The physical and mental benefits of exercise are undeniable, and you can experience them whether you go on daily walks or are a triathlete. But you may be surprised to learn about the link between addiction recovery and exercise. On its surface, it might seem like lifting weights or attending a spin class is not contributing to your sobriety, but it’s doing more than you might expect.
A substantial part of recovery involves your brain and body getting used to life without drugs and alcohol, which often causes uncomfortable side effects like insomnia, stress and mood swings. Exercise can help mitigate these symptoms and allow you to feel healthier and happier in your new sober lifestyle.
Benefits of Exercise in Addiction Recovery
1. Stress reduction: Stress is a significant factor that can jeopardize your sobriety. However, when you can no longer reach for drugs or alcohol to unwind, you may not have any idea what to do with your pent-up stress. Luckily, almost any physical activity can help release tension. Even 30 minutes of exercise a day is enough to help you feel better. If you’re short on time, you can break that 30 minutes up into smaller blocks throughout the day.
2. Better sleep: Sleep issues are a common struggle for people in recovery. Because of the way addiction affects sleep, newly sober people often have trouble falling or staying asleep, and may feel constantly run-down and tired as a result. Exercise is one of the best ways to improve both your quality and quantity of sleep, and it can prevent you from relying on medications as well. Once you’re well-rested, you can feel prepared to tackle any challenge that comes your way.
3. More energy: A tried-and-true rule of recovery is that you get out of it what you put into it. In other words, you need to put in the effort to get to the rewards. Regular exercise improves your circulation, which means your blood is more efficient at carrying oxygen and nutrients to your muscle tissue. The result is improved energy. Even on days when you don’t feel up to the challenge, try to do some form of exercise. Still unmotivated? Try the 10-minute rule. Make a deal with yourself to get moving for at least 10 minutes. Chances are, once you start, you’ll feel good enough to keep going.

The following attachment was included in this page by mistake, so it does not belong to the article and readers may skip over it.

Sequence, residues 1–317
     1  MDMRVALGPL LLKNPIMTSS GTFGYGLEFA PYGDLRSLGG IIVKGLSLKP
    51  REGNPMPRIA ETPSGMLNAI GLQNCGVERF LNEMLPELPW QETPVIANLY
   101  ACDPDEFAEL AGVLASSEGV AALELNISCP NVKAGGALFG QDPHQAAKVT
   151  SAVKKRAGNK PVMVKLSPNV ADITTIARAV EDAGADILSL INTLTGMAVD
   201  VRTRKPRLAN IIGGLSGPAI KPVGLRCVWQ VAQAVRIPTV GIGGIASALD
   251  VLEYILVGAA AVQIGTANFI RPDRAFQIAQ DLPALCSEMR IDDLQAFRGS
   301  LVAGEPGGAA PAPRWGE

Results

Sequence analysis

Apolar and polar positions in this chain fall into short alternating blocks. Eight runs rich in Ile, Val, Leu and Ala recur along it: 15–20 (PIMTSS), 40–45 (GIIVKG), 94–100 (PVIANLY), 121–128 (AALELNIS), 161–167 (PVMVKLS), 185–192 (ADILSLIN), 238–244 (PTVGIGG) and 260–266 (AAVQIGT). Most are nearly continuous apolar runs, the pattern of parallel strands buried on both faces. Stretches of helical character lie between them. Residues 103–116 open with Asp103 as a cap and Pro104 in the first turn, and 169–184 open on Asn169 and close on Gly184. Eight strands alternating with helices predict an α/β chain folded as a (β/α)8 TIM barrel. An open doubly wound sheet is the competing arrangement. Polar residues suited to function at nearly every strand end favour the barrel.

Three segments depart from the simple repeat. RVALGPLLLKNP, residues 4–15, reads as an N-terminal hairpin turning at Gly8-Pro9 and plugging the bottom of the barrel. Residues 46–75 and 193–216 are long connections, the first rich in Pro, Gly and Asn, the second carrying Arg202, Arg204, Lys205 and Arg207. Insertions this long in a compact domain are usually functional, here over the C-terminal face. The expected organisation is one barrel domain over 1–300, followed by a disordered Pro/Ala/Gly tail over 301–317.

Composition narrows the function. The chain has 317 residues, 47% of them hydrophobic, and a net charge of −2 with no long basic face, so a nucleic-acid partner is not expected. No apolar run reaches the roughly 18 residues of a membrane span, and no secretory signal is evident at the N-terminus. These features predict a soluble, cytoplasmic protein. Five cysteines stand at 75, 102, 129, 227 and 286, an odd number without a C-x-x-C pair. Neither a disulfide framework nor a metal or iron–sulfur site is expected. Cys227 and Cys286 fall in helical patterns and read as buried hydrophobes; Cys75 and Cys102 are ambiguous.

4. Improved mood: Mood swings are common in early recovery. You may wake up feeling ready to tackle any challenge, and by lunchtime, you are wrestling with worthlessness. These changes are normal as your body becomes accustomed to living without alcohol or drugs. Exercise can go a long way toward boosting your mood, thanks to the release of feel-good chemicals called endorphins. People with mental health issues such as depression often benefit from the mood-enhancing benefits of exercise, too.
5. Better overall health: Exercise helps prevent a host of illnesses, such as heart disease, stroke and diabetes. It can regulate your blood pressure and keep you at a healthy body weight.
What If You Hate to Exercise?
Many people drag their feet on starting an exercise program because they feel uninspired. If you weren’t into fitness before entering recovery, you might not know where to begin. The good news is that there are many different ways to work out, and once you discover what you enjoy, you’ll be more likely to stick with it.
For example, maybe you hate the idea of running, but you have always had good balance and flexibility. Why not try yoga? Or, maybe you’re more motivated to exercise when you have friends to work out with. Find a sports league near you and get in the game!
Learn More About Your Recovery
Spearhead Lodge is a cutting-edge treatment facility for young men living with substance misuse disorders. We provide a healing environment in Austin, Texas, that enables you to embrace a healthy lifestyle and learn how to have fun without drugs and alcohol. To inquire about help for yourself or someone close to you, contact us today.